Gould: Rugby league stars are not all rogues
The community arm of the Penrith Panthers is ‘Panthers on the Prowl" . The purpose of the "Prowl" programmes is to enhance opportunities for our young people and their families to develop self-esteem and self-worth and to become positive contributors to society.
Panthers run a number of programmes through the Prowl but the signature involves a fully equipped school classroom under the eastern grandstand at our home ground. Basically, schools throughout our area nominate kids whom they believe, for one reason or another, are in danger of dropping out of the education system. Our "Prowl" bus picks up these kids from their homes or schools and brings them to our classroom at Panthers for an alternative classroom experience.
A major part of the success of this programme is the interaction the kids get with the NRL footballers at the Panthers. Our players visit the Prowl classrooms to sit, talk and learn with the kids.
There is no set roster. No obligation to do so. Our players know the "Prowl" is there and they visit on a regular basis.
Teachers who work in the classroom marvel at the effect and influence the footballers can have on the kids. The teacher can tell kids what to do until they are blue in the face; but when one of the footballers says it, the kids react.
The teachers tell a great story about our NRL winger Dave Simmons. One kid asked, "What is the hardest part of being a professional footballer?" He was obviously anticipating a story about hard training, or having to tackle or getting tackled by big players.
Dave replied: "The hardest thing about my job is the diet. I love junk food but I know I can't eat it if I want to be healthy. I have to show discipline and sacrifice to be at my best".
Dave went on to talk about his diet, and how important it was that he ate the right foods.
The next day the kids come to class, and instead of chips, lollies and chocolates in their lunch packs, they had fruit, vegetables and healthy snacks.
It's just a small example of the influence our players can have on kids. The success of the Prowl in sending kids who graduate from the Prowl programmes back into mainstream education is absolutely amazing.
We have testimonials from kids and parents who have been involved with these programmes who claim the "Prowl" changed their lives - if not saved their lives.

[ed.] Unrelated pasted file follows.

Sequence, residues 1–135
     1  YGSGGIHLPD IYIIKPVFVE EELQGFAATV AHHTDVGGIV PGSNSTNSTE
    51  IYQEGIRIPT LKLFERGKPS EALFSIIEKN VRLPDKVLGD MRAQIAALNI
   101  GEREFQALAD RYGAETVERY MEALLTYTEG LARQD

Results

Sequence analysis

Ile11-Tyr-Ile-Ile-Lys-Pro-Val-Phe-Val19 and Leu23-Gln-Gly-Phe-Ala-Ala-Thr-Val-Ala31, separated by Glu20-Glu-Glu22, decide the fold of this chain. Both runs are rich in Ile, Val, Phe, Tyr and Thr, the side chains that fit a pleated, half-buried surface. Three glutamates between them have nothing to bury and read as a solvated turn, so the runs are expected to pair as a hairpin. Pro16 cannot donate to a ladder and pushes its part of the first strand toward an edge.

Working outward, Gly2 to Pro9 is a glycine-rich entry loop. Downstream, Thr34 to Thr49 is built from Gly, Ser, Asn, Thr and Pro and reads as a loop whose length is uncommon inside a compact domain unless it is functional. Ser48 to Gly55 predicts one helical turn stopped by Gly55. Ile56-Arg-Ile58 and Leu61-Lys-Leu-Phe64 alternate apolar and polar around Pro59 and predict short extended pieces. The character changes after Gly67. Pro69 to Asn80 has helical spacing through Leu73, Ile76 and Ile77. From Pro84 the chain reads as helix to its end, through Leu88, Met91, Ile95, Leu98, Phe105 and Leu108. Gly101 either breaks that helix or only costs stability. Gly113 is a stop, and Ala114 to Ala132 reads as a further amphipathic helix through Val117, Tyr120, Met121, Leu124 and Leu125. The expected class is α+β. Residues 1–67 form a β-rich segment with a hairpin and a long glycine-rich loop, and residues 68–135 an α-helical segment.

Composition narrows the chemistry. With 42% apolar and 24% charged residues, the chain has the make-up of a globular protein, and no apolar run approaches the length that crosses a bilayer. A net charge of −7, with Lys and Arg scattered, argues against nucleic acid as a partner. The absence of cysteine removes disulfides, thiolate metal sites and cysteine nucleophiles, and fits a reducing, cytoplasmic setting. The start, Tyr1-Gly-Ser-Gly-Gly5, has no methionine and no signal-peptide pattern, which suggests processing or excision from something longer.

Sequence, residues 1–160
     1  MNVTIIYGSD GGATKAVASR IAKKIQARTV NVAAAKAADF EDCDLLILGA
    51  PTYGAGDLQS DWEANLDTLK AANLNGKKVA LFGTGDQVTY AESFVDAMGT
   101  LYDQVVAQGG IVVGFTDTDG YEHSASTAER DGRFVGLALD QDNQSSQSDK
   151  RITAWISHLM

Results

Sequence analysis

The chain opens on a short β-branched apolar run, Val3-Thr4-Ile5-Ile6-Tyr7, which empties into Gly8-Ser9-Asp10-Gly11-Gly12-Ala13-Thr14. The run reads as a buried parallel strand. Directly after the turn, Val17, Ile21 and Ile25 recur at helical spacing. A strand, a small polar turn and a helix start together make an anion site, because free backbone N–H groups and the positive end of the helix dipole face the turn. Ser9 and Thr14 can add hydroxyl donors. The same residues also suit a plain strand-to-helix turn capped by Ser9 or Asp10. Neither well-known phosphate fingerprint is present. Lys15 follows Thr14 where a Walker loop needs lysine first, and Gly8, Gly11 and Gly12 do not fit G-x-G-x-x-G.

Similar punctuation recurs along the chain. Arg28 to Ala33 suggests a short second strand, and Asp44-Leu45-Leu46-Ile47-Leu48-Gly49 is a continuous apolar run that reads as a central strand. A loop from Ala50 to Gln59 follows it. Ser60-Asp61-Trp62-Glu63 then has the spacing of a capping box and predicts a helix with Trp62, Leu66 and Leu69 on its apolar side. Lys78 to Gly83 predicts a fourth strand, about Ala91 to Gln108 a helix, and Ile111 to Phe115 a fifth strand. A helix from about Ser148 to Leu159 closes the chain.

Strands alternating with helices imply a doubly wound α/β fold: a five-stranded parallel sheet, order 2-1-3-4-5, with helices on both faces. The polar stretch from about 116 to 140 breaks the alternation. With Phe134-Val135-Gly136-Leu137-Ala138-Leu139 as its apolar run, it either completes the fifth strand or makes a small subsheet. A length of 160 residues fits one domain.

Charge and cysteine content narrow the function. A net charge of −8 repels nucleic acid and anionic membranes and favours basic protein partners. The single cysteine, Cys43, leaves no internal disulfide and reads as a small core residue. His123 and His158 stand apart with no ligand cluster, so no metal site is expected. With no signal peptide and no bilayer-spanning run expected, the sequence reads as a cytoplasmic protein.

Over the past 12 months, players from the NRL roster at Panthers have made almost 300 school, hospital, charity, community and junior league appearances. Every week I receive letters and emails from members of the general public to inform me of great deeds being done by our players away from our mainstream programmes.
Just this week, for example, I have received two emails relating to our NRL player Adam Docker.
The first email began: "Dear Mr Gould; I understand you are a very busy man, but I was hoping to have five minutes of your time.
"In the light of yet another rugby league controversy, it's time to switch to a positive story".
The letter went on to describe the work Adam has been doing in his own time to help raise funds for a special charity. Not only had Adam given his time and profile to assisting the people with these charitable events, but he had engaged with and befriended the writer's son, giving him encouragement and belief to deal with his issues.
The gentleman ended his letter by saying: "As I said at the beginning of this email, there are many negative things that are talked about in rugby league but we fail to recognise the positive ones. Adam Docker is a hero to many kids and adults alike. But what I will always remember him for is his selflessness when it came to my son, his footy team and his support of a charity that gets very little support or acknowledgement".
I could go on with this stuff for days. The truth is that I could go to the personal files of all our NRL players and find records of similar letters that have been sent to us over the years.
Many of our senior players are married with young children. They are wonderful citizens who take their responsibility as role models very seriously. They are educated, responsible, caring individuals who give of themselves every day to assist, lead, educate and better the lives of others.
I'm sure every NRL club has similar stories to tell.
As a sideline to this story, I recently had a young Panther player in danger of dropping out of the system through disciplinary and lifestyle issues. I met his family and learned more about his life and circumstances.
This lad was of Samoan heritage. I asked him which sportsperson he most admired. He said "Sonny Bill Williams".
I approached SBW to see if he would mind having a chat with the young man. SBW called the lad immediately and had a chat with him. He then invited the boy and his family to a Roosters home game to watch Sonny play - all at Sonny's expense.
SBW invited the young man to his own home for dinner and a talk. He gave the lad a new pair of playing boots and joggers. He has kept in touch with him ever since, encouraging his football and lifestyle development.
Like I said, I could go on with these stories for days.
Why am I writing this stuff today?
I just get frustrated when some people spoil the good work that 99 per cent of our rugby league players and staff accomplish. I get mad when people in the media seize upon these unsavoury incidents to generalise and claim the game is a disgrace and on its knees.
It's not; and it isn't. There is much more to this game and to the people involved.
I'm proud of our game. I'm proud of our club at the Panthers and the players and people we have working in this organisation. I'm sure other club leaders have a similar tale to tell.
I just wanted to make that point.